Giovanni Anselmo, ‘Lato Destro’, 1970, Galleria Fumagalli

About Giovanni Anselmo

Sculptor Giovanni Anselmo was one of the founders of the radical Arte Povera movement in Italy in the 1960s. Inspired by the observation of latent forces in the natural world such as gravity, magnetism, weight, and decomposition, he creates sculptures from found objects, various types of stone, plants, and other organic substances. In Torsion (1968), a leather cloth is sunken in a large cement block and twisted around a wooden bar that it holds in place. The sculpture seamlessly blends the torque of the twisted cloth as the centerpiece, the gravity that the wooden bar resists, and the sheer weight of the stone, creating a vortex of intersecting and conflicting forces. Anselmo has also created projection installations that use language to investigate the relationship between abstract categories of thought, such as the finite and the infinite in Particolare (1972).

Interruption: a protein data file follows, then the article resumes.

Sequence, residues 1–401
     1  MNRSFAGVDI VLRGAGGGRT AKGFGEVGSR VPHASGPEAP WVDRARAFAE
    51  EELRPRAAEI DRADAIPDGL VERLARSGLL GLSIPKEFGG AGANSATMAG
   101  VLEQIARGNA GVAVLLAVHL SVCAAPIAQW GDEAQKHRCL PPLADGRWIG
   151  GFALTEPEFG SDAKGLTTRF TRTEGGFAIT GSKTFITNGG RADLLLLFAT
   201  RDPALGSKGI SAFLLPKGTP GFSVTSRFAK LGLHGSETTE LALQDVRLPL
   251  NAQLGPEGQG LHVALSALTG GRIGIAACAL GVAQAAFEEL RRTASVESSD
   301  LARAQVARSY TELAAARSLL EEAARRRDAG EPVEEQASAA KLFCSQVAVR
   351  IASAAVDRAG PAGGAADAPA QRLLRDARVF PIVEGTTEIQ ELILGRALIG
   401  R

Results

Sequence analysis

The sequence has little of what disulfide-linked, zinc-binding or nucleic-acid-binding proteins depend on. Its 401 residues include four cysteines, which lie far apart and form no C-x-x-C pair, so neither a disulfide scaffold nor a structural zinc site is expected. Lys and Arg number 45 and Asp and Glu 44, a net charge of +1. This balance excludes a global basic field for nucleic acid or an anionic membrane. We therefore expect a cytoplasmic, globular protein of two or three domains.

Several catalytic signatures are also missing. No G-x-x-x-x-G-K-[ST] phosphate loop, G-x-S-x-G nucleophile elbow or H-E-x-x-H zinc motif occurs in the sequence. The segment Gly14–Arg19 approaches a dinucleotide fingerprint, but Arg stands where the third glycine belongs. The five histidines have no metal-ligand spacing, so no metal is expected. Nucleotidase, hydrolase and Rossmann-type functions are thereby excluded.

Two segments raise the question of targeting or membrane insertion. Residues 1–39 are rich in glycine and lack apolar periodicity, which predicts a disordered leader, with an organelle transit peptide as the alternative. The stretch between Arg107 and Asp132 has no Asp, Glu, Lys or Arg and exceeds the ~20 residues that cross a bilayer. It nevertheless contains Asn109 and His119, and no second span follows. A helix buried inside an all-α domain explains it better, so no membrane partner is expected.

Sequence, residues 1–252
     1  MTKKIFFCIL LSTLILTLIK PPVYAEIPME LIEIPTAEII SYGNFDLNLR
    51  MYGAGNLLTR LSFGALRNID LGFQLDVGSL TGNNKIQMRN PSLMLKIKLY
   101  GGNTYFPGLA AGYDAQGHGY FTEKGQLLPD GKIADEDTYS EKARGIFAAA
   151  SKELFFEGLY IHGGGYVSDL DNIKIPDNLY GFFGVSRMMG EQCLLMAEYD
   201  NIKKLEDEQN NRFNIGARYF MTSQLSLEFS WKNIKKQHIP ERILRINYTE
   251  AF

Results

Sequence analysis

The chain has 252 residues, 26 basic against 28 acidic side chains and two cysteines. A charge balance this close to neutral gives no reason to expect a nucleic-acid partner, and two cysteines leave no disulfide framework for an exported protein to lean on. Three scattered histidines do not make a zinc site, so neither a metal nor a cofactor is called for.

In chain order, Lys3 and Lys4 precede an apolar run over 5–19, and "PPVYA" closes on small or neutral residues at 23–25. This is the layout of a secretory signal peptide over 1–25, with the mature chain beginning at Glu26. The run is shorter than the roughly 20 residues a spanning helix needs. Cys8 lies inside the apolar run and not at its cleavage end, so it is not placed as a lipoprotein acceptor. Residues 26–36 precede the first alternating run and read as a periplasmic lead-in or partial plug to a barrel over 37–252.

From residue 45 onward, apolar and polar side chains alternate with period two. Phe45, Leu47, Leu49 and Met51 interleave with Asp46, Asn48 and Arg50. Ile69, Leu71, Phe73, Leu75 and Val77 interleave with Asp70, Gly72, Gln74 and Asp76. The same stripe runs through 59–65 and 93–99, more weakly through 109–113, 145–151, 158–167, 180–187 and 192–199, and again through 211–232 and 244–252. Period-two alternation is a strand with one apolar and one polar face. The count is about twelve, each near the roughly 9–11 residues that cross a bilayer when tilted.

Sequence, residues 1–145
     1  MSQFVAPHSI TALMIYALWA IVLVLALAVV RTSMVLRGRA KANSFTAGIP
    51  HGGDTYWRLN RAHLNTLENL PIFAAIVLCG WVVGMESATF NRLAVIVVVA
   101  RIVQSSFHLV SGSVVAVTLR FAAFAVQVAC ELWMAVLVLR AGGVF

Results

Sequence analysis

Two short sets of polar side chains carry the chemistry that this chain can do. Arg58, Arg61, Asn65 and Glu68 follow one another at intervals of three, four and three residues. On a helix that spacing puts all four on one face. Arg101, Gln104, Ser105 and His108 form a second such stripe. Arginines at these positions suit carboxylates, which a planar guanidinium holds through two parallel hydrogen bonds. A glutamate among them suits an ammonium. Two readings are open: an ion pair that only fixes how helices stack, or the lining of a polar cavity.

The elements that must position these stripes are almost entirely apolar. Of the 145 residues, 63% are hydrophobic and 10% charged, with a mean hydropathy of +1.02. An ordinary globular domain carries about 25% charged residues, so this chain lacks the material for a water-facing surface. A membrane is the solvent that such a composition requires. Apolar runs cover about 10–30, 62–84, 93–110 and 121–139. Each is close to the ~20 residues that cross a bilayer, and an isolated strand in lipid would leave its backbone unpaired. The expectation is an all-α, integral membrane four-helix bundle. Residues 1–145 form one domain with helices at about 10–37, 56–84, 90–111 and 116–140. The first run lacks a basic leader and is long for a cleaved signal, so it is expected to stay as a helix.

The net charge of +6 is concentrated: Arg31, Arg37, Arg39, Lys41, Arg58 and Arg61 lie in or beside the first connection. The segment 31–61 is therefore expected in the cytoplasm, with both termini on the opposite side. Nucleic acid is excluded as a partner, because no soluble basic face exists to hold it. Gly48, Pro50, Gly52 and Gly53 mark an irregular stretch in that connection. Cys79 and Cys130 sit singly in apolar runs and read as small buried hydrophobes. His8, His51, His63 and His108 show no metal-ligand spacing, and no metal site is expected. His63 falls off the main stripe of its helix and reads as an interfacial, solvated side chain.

Italian, b. 1934, Borgofranco d'Ivrea, Italy